This has been one of my favorite ‘tools’ to use with the boys to learn about historical figures from the past century. I think I have shared on facebook in the past, but I am finally getting around to sharing it on here. It is SO simple, SO easy, and (for my boys) SO fun!
A couple of years ago I found an old book titled something along the lines of “people you need to know from the 20th century” at the second hand store for a couple dollars.
I cut up some of the faces, attached each image to some card stock, wrote a few details on the back (full name, birth and death dates, accomplishments, etc) and then laminated the cards.
When we first started using these cards I would hold up a card and, if they had any connection to the person, I would try to draw that connection for them through questions to see if they could guess the persons name or position. Now they are relatively familiar with each person and so about once every two weeks I spread them out, place a small candy on each image, and they take turns picking a person and telling me their name and some interesting detail about the person. We don’t deal with memorizing dates but I will just casually point out the dates for them.
I really strove to connect them to something bigger than just a random selection of people.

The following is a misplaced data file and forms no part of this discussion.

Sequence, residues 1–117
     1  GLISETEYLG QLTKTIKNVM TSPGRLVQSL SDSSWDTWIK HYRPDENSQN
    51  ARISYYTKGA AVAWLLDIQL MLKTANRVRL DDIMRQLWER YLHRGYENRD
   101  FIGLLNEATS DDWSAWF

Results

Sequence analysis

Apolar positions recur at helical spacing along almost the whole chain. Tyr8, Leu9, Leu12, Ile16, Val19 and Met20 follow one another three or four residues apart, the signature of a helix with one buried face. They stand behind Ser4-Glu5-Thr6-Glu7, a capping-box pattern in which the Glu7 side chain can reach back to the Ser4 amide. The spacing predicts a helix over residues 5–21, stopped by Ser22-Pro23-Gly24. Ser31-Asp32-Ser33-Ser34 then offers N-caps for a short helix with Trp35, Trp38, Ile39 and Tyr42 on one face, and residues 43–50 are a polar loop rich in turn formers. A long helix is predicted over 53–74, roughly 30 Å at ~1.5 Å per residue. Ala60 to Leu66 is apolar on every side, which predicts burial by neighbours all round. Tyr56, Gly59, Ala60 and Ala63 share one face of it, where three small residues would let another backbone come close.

For example, Jonas Salk was one of the men I chose. He was the inventor of the successful Polio Vaccine in 1957. My mom, their grandma, had Polio in the mid 50’s and still suffers from that all these years later. All of sudden Jonas Salk has some sort of relevance to them because of this tie and they find him interesting because of their grandma’s connection to the disease he helped cure.
The treat I use is chocolate covered sunflower seeds. They’re ridiculously delicious. These are perfect little treats. If they get the card right, they eat the treat. If they get it wrong they don’t get the treat.
The faces from history are my favorite cards, but I have made these with images of famous buildings from around the world, and famous pieces of Biblical art. Both coming from books from second hand stores or library sales that I purchased and then cut up. (It was way harder than I thought it would be to cut up a book!!)
I have a 4 sets of beautiful animal cards that I purchased from a yard sale and we use those cards in the same manner. All of these inspire fantastic conversations and expand their world in a fun and natural way.
Between Magic Tree House books (which they listen to as audio, I don’t read them to them … I just … can’t.) and other biographies we have covered a lot of these historical figures outside of just these cards, and I have noticed that these cards serve as a gentle peg board on which they can hang other information they learn – and because we go over these cards with some frequency, there is a lot of retention of detail.